The Request for Proposal (RfP) process has now concluded and is replaced with standard development which will encourage progress of multiple initiatives.
Technology developments are integral to support market development. Technology can help to meet the requirements of regulators, but more importantly, if implemented appropriately, can contribute towards making markets more efficient.
LBMA over the last year has been exploring how technology can address some of the risks facing the global precious metals market, namely supply chain provenance and trading bars with confidence. In addition, LBMA is following some of the development in relation to the tokenisation of gold, to understand what this could mean for the market.
In 2018, LBMA launched a request for proposal, focusing on two key areas, with emphasis on gold:
i. new technology for supply chain provenance
- Such technology will help mitigate the risk faced throughout the life cycle of the bar, and help to securely record bar specific data (i.e. brand, origin, custody, location) on a trusted platform.
ii. a technology based security feature or security process (collectively referred to as Security Feature) adopted for bars
- This will help ensure that any bar can be registered and subsequently be reliably and uniquely identified
About 30 firms took part in the process, with the majority proposing blockchain technology to help address supply chain provenance. A Working Group was established to support the LBMA’s review of the information received. This group was made up of representation from the upstream, logistics, downstream, as well as other industry groups. The Refiners were separately engaged outside of the Working Group to manage any potential conflicts of interest.
In summary, the Working Group concluded that a set of standards should be established to identify credible solutions that market participants could choose from.
Blockchain Technology Solutions
Since the launch of the RfP, it has become clear that there is a lot of development in the area of blockchain use for supply chain issues. It is accepted that the technology can provide clear track and trace capabilities. However, it is too early for LBMA to recognise a few select blockchain solutions, since there are more questions than answers at this stage, for example questions around interoperability, data standards and costs. LBMA notes that whilst the initial implementation of blockchain solutions may represent upfront costs, the long term cost savings from a regulatory, compliance and security standpoint could potentially represent significant cost savings for all participants.
The intention, at this point in time, is to observe as this technology development continues, and for LBMA to engage when it can determine, for example, how much of the market will embrace this technology. In particular, the role of LBMA will be to identify which solution(s) end up attracting a critical mass. This approach will also allow the various initiatives to continue to develop. LBMA will also continue to engage with other industries to understand how they are applying blockchain technology.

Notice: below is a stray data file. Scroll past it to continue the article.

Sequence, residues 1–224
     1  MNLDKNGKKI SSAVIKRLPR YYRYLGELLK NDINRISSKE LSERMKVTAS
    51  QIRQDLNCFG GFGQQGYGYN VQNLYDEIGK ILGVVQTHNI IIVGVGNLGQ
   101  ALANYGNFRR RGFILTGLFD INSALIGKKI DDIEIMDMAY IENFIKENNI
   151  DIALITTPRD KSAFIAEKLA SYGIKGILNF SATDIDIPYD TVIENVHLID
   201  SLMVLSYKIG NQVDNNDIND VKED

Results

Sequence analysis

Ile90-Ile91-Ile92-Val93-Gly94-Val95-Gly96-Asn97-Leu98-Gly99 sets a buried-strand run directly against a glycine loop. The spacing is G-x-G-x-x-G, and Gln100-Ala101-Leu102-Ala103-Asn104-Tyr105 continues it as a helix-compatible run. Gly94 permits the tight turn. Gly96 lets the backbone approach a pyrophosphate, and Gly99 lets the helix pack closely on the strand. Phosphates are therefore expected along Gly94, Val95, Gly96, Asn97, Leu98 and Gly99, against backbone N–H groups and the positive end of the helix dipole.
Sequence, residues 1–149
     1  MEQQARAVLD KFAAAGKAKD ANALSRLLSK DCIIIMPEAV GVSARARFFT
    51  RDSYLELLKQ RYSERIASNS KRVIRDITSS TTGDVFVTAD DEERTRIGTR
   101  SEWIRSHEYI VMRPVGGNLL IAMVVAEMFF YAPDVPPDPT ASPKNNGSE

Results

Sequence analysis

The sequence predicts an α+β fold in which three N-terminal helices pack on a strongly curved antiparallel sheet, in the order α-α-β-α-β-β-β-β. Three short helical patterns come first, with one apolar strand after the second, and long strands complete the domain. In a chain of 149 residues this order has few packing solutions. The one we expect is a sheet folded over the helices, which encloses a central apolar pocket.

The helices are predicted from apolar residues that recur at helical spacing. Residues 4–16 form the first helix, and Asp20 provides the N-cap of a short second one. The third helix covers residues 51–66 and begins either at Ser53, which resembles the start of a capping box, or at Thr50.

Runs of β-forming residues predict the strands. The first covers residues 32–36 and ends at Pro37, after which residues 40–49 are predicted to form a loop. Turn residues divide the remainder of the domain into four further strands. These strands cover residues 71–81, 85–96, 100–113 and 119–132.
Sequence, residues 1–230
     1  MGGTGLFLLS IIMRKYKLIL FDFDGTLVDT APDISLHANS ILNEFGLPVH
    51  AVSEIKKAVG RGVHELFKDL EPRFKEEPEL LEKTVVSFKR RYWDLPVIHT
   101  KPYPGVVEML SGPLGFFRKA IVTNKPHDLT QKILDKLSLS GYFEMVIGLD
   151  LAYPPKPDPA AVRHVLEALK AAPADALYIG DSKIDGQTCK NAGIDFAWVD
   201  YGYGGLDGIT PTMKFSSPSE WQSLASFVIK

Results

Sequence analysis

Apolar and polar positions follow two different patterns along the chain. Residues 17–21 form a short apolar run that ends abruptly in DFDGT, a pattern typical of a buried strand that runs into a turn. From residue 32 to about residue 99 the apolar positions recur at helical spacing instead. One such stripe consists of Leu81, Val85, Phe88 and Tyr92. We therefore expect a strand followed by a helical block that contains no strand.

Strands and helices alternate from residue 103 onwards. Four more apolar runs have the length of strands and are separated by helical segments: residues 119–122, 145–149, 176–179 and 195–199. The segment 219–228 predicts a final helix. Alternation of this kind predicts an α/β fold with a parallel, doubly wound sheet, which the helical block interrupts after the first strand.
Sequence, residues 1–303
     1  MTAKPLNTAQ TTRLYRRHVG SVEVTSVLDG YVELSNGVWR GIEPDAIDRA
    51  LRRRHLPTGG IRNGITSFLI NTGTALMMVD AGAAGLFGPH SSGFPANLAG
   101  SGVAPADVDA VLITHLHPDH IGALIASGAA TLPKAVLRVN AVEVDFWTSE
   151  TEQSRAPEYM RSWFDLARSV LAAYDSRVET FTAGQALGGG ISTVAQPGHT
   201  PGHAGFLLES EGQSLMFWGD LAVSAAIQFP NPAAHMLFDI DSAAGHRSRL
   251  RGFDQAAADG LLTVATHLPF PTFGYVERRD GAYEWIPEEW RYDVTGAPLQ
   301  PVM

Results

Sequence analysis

As this technology develops, LBMA’s role will be to eventually support the implementation through developing protocols, which would include:
- List of principles;
- Common adoption of definitions and concepts in the application of blockchain enabled solutions;
- Provide unique entity identifiers to eventually support interoperability;
- Information required from the blockchain (data management);
- Security features compatibility;
- Competition law/anti-trust; and
- Interoperability between different technologies selected by different supply chain parties.
There is a lot of interest by service providers on tokenising gold by using blockchain technology. LBMA is keeping in contact with the more credible projects, given their reliance on LBMA’s Good Delivery List. A lot of these projects focus on how the technology can help trace the underlying physical gold backing each token to a specific vault. Some of the outcomes of these projects could potentially be of interest to market participants. More will be shared on this as the projects develop.
Whilst service providers develop their blockchain solutions, LBMA will initially focus on the security feature (SF) and the standards required to recognise a credible solution.
It has been agreed to launch two work-streams, whereby LBMA will develop:
- Specific standards that will help to recognise SF(s) that will become the minimum requirement for large London Good Delivery bars.
- General standards to recognise SF(s) for kilobars.
This will allow market participants to select the SF they would prefer to use based on the ‘recognised’ list provided by LBMA.
The RfP process has been concluded, with the view that LBMA will remain engaged with all service providers to follow developments on how blockchain solutions can address supply chain provenance. Eventually LBMA will develop the standards, as listed above under blockchain.
In the meantime, LBMA will lead the process with developing the criteria for a credible Security Feature. This will be launched for consultation in Q3 2019, with a view to recognising suitable Security Features from 2020.